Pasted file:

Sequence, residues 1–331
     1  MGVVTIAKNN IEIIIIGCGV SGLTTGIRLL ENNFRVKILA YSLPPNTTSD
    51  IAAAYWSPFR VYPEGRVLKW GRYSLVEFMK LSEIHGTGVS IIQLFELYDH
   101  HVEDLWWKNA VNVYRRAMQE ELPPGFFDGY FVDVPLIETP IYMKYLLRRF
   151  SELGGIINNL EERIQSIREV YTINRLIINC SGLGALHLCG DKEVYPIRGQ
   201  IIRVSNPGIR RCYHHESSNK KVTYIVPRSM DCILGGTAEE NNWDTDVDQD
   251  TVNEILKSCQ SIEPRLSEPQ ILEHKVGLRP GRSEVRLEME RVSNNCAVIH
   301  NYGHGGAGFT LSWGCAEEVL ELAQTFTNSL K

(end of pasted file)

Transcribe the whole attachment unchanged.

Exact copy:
Sequence, residues 1–331
     1  MGVVTIAKNN IEIIIIGCGV SGLTTGIRLL ENNFRVKILA YSLPPNTTSD
    51  IAAAYWSPFR VYPEGRVLKW GRYSLVEFMK LSEIHGTGVS IIQLFELYDH
   101  HVEDLWWKNA VNVYRRAMQE ELPPGFFDGY FVDVPLIETP IYMKYLLRRF
   151  SELGGIINNL EERIQSIREV YTINRLIINC SGLGALHLCG DKEVYPIRGQ
   201  IIRVSNPGIR RCYHHESSNK KVTYIVPRSM DCILGGTAEE NNWDTDVDQD
   251  TVNEILKSCQ SIEPRLSEPQ ILEHKVGLRP GRSEVRLEME RVSNNCAVIH
   301  NYGHGGAGFT LSWGCAEEVL ELAQTFTNSL K